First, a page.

According to the Federal Deposit Insurance Corp., $45.4 billion of the $631.8 billion in construction loans outstanding at the end of the first quarter were delinquent. When banks announce second-quarter results in coming weeks, they are expected to report sharp increases in loans that builders can't repay. Banks are also facing intensifying pressure from federal and state regulators to deal with the problem loans on their books.
That's 7.1% of loans that are delinquent. That's shocking. And downright scary.
Nearly one in three of the banks analyzed -- or 2,182 -- had construction-loan portfolios that exceeded 100% of their total risk-based capital, a red flag to regulators, although it doesn't mean the bank is in danger of failing. Risk-based capital is a cushion that banks can dig into to cover losses.
Actually, it's obvious these ratios weren't a red flag to regulators. Why? Because 1/3 of banks are in this position. Regulators were obviously not paying attention to anything that was happening.
Over the next few quarters, banks are expected to begin recording much larger losses. In 2007 and the first quarter of this year, U.S. banks wrote down just 0.7% of their residential construction and land assets as bad debt, according to Zelman & Associates, a research firm. Over the next five years that figure could rise to 10% and 26%, which would amount to about $65 billion to $165 billion, Zelman projects.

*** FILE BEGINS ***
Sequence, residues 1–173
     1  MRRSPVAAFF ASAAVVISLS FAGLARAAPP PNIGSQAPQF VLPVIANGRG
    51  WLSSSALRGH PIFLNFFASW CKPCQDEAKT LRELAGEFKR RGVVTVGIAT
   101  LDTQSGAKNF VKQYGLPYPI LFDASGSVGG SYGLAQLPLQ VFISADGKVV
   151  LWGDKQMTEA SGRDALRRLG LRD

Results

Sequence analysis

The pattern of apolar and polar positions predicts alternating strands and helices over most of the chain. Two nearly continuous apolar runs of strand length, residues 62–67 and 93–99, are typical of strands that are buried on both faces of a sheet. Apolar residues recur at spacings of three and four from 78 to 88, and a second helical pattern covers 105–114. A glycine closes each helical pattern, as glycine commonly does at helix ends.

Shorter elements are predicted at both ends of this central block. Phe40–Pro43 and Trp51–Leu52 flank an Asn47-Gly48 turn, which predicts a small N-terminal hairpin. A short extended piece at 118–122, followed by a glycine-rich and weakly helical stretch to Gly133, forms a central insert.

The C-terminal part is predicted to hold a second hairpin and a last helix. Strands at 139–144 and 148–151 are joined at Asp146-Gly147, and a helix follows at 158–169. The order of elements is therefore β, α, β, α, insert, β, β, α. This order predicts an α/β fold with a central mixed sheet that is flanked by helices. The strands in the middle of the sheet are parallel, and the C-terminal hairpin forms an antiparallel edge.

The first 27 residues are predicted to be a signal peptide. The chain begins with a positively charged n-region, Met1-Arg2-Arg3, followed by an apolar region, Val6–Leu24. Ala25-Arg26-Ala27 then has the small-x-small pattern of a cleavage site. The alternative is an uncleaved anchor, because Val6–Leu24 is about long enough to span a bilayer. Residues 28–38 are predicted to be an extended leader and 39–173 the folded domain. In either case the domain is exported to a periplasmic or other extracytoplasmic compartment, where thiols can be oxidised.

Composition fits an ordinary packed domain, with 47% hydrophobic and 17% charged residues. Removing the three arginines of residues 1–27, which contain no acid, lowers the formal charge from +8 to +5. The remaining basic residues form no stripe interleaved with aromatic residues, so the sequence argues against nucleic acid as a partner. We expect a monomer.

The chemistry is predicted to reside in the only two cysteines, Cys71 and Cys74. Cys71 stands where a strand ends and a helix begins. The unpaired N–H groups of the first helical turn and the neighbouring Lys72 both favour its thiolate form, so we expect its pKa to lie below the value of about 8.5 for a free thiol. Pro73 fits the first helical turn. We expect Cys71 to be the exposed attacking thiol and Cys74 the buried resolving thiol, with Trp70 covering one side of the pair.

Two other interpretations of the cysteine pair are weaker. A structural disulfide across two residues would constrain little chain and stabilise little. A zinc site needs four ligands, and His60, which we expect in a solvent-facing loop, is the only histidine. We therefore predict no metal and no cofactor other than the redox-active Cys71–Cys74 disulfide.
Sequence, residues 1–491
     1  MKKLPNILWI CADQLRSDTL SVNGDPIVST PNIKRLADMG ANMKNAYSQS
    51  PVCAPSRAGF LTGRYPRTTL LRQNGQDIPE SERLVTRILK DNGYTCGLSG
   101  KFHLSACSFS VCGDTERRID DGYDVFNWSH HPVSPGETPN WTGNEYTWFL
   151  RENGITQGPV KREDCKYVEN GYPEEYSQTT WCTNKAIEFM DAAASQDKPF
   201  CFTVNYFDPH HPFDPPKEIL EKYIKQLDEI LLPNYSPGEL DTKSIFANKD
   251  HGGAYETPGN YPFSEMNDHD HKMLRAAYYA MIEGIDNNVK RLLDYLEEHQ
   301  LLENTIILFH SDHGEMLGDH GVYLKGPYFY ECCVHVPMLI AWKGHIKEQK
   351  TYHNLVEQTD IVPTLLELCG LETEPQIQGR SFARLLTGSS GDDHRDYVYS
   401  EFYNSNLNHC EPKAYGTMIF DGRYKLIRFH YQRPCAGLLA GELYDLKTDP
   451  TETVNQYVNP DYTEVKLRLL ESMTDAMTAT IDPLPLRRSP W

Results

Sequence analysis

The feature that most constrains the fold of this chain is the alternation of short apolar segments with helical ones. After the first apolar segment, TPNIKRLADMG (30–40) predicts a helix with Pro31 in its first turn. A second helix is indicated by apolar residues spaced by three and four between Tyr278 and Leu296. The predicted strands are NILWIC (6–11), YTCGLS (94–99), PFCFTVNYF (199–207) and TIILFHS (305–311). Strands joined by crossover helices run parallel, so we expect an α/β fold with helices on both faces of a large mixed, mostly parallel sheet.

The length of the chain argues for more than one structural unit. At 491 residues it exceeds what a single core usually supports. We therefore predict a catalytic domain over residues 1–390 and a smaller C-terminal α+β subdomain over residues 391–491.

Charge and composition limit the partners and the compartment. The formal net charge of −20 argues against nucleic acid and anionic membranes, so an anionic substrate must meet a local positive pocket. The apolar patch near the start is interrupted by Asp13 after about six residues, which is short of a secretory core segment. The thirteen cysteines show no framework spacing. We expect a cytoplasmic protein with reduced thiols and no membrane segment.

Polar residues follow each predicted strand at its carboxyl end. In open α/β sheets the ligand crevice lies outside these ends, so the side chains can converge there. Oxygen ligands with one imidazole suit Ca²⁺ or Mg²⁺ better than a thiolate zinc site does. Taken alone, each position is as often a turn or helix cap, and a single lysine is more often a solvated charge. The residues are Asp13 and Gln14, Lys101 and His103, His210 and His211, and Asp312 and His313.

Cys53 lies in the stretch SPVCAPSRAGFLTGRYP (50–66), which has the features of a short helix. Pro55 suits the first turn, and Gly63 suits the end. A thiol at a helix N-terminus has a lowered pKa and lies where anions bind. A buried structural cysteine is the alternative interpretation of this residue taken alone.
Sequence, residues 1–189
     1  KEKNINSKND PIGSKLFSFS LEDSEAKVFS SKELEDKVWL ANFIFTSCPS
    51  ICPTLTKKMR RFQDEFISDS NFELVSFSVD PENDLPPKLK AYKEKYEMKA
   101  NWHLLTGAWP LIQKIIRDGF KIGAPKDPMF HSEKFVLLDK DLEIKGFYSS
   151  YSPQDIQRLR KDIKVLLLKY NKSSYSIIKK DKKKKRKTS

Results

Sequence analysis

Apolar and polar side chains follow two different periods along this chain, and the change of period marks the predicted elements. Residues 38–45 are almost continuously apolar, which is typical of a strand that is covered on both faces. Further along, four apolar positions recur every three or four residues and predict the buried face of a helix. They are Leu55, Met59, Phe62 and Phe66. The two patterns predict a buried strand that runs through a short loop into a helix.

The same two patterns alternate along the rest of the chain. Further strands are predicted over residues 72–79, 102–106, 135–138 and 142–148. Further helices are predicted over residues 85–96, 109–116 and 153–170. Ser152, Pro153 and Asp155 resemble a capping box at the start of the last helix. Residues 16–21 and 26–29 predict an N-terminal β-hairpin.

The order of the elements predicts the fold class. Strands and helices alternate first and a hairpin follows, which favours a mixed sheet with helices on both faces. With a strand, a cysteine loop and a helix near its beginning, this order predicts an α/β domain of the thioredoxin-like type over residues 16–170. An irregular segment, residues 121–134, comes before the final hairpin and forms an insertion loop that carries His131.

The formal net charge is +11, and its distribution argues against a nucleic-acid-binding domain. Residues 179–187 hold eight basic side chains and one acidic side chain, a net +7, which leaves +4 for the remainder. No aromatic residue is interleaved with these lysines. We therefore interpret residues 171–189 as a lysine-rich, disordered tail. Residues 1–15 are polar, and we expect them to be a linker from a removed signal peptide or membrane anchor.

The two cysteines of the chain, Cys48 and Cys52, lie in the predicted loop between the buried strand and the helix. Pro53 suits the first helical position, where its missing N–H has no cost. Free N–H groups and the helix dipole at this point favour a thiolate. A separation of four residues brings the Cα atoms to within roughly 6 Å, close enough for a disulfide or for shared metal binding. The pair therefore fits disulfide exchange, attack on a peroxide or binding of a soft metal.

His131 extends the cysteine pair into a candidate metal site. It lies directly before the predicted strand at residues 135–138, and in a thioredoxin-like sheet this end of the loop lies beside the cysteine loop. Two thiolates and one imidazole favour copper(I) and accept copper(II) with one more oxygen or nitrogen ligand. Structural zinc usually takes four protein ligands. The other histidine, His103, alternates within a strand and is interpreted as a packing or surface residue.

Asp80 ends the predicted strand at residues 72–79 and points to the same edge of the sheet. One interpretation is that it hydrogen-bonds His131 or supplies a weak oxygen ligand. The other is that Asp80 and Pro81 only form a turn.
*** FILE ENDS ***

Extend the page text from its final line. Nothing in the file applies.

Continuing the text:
To all you jackasses who are recommending that people go long financials right now, does the above paragraph change your opinion somewhat? We're looking at additional writedowns of up to $165 billion. Is that an environment where stocks increase or decrease guys?
During the housing boom, many small and regional banks doubled down on construction loans because they were largely shut out of the home mortgage market dominated by large originators. But now the banks' difficulties are threatening to sharply shrink the home-building industry. Credit Suisse analyst Dan Oppenheim estimates that as many as 50% of the closely held builders won't survive because of the tightening lending environment and housing downturn.
In an effort to prove they are just as stupid and blind to risk as the big guys, the little guys went running into an area of growth that was stimulated by record low interest rates, never really thinking that borrowers would have to pay back loans.
Some community banks are bristling under the regulatory pressure. "The federal government is being too reactionary," says Damian Kassab, chief executive of Michigan-based Warren Bank, which reported that 47% of its construction loans are delinquent. "They want to see it done as quickly as possible. I say 'can't we just relax, take a deep breath and work with the borrowers.'"
That's right -- because they banks have done such a good job of handling this themselves.